Despite the efforts of the legislature and various interveners in the judicial system, major procedural delays are still prevalent in the legal system. The area of disciplinary law is no exception.

In disciplinary matters the legislature has intervened progressively in stipulating the timelines for the preliminary procedural steps in files1, the trial stage2 and drafting the judgment3. While these timelines have been established as guidelines, the intention is to recognize the respondents’ interest in having their cases heard and decided upon within a reasonable time.

In July 2016 in the Jordan case4, the Supreme Court of Canada established the procedural delays beyond which the accused is presumed to have been deprived of the right to a fair trial in a reasonable time. The Court created a presumption of unreasonable delay leading to a stay of proceedings where the period between the laying of charges and the conclusion of the trial is more than 18 months, for cases in provincial courts, and more than 30 months for cases before superior courts.

Whereas previously excessive delays could impact the outcome of a case if harm could be proven, this new analytical framework relieves defendants of the burden of having to prove harm.

Can this presumption established by our highest court in criminal and penal matters be transposed to professional disciplinary law?

Recent decisions5 rendered following Jordan have held that the presumption created in that case cannot be applied in disciplinary law, as the respondent before a disciplinary tribunal is not a “person charged with an offence” as contemplated by the Canadian Charter of Rights and Freedoms. Moreover, disciplinary law is separate and distinct from penal law, even though it shares some of the latter’s terminology and procedure. Furthermore, disciplinary tribunals have repeatedly cited the dicta of Justice Baudoin of the Quebec Court of Appeal in its 1992 decision in Béliveau v. Comité de discipline du Barreau du Québec6 [TRANSLATION]:

[D]isciplinary law is a sui generis domain of law and it is wrong to seek at all costs to introduce the methodology, reasoning and principles of penal law into that domain. The hearing of a complaint before a disciplinary council is not a criminal or quasi-criminal proceeding. Nor is a professional fault the equivalent of a criminal offence.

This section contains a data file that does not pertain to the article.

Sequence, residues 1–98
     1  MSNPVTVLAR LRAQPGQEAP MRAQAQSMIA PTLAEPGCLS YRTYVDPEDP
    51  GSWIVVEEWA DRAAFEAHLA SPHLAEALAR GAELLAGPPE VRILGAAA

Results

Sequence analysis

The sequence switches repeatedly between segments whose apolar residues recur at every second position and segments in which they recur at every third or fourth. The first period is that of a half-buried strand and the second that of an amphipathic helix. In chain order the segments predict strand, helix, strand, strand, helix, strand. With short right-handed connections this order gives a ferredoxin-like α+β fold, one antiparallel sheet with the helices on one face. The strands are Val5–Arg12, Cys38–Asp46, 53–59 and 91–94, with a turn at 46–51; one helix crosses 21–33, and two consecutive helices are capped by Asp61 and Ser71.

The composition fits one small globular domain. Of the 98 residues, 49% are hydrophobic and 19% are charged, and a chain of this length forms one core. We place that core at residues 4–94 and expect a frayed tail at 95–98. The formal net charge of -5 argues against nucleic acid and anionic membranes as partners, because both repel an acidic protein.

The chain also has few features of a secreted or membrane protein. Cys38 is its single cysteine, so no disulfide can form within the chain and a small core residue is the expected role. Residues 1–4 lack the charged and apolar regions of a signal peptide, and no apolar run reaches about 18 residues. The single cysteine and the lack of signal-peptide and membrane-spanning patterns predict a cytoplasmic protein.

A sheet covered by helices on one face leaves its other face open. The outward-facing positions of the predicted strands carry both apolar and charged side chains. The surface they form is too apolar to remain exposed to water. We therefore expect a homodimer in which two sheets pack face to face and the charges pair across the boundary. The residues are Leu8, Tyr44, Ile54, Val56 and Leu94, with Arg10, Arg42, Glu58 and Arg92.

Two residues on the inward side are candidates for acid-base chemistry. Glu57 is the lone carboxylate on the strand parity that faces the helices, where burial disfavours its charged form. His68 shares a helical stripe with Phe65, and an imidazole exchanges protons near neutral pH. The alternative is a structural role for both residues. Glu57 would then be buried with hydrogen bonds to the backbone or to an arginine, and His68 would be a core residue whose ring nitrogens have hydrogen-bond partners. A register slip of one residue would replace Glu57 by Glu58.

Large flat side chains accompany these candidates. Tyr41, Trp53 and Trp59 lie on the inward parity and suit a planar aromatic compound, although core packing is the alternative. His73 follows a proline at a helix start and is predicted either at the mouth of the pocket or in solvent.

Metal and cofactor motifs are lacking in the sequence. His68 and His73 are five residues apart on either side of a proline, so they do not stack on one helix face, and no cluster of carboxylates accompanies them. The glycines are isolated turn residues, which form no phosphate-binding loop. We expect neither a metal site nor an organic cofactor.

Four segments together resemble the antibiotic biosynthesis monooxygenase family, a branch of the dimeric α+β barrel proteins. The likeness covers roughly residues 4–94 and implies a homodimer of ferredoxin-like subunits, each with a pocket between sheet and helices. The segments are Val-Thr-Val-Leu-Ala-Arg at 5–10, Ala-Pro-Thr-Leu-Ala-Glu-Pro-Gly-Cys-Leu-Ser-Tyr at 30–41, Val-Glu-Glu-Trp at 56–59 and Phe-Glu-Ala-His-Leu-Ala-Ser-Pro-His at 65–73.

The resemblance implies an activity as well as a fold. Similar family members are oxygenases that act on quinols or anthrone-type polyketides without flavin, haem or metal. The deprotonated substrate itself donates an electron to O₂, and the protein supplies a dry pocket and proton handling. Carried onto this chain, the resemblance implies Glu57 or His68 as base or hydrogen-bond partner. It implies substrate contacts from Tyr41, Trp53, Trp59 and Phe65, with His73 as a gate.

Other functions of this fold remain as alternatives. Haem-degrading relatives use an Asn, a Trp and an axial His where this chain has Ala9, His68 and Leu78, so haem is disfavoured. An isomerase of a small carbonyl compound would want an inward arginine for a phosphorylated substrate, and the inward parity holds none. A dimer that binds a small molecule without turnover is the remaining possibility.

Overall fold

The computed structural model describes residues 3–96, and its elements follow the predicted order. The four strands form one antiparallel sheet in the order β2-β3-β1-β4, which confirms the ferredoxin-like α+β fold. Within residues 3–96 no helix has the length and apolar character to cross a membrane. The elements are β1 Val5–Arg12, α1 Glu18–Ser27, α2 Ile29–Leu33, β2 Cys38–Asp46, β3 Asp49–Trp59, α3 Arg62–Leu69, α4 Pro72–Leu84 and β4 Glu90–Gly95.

Disciplinary procedure has its own specific rules, derived from both civil law and penal law. However, in disciplinary law the passage of time alone cannot entail a stay of proceedings, as a disciplinary fault is subject to no statute of limitations and thus cannot become prescribed or time-barred. Nevertheless, it has long since been established that disciplinary tribunals must apply the principles of natural justice and have the obligation to act fairly.

In disciplinary law, proof of harm on account of undue delays is required for either a stay of proceedings to be ordered, or a mitigation of the sanction imposed by the tribunal. Also to be considered is which side is responsible for the delays, and whether the respondent has been deprived of the right to present a full and complete defence as a result.

Contrary to what is the case in criminal and penal matters, disciplinary councils tend to mitigate the sanction rather than stay the proceedings, particularly where the unreasonable or excessive delays result from the length of the hearing and subsequent deliberations of the tribunal. The extent to which the sanction is lessened may be influenced by factors such as the seriousness of the infraction from an objective standpoint, and the need to protect the public. Another factor that may be taken into consideration in assessing the overall fairness of the proceedings is the length of time between the facts complained of and the filing of the actual complaint.

In this regard, the recent decision of the Court of Appeal in Landry v. Guimont7 is noteworthy. In that case, rather than returning the file to the disciplinary tribunal for the imposition of the sanction, the Court ordered a stay or proceedings on the basis of the exceptional circumstances of the matter, stating the following in that regard [TRANSLATION]:

… Between 11 and 13 years have elapsed since the commission of the acts complained of, for which the respondent’ right to practice was suspended for more than 55 months, a measure that was later overturned by the Professions Tribunal.

[74] It is therefore appropriate in this case to consider a remedy that will put an end to these singularly unproductive proceedings, which have evolved in a confrontational climate aggravated by the passage of time, and whose very purpose does a disservice to the interests of justice, in addition to using judicial resources ineffectively and to the detriment of other citizens whose access to justice is thereby compromised.

[75] Under the circumstances, I am of the view that a stay of proceedings is the only remedy that will ensure that this intolerable situation will cease.

Given the importance afforded delays by the superior courts, we will have to wait and see whether the response of disciplinary tribunals to Jordan will be sufficient to maintain the confidence of respondents, other professionals and the public and in the professional justice system. The Jordan decision may have some influence on professional law and increase the pressure on disciplinary tribunals to deal more expeditiously with files.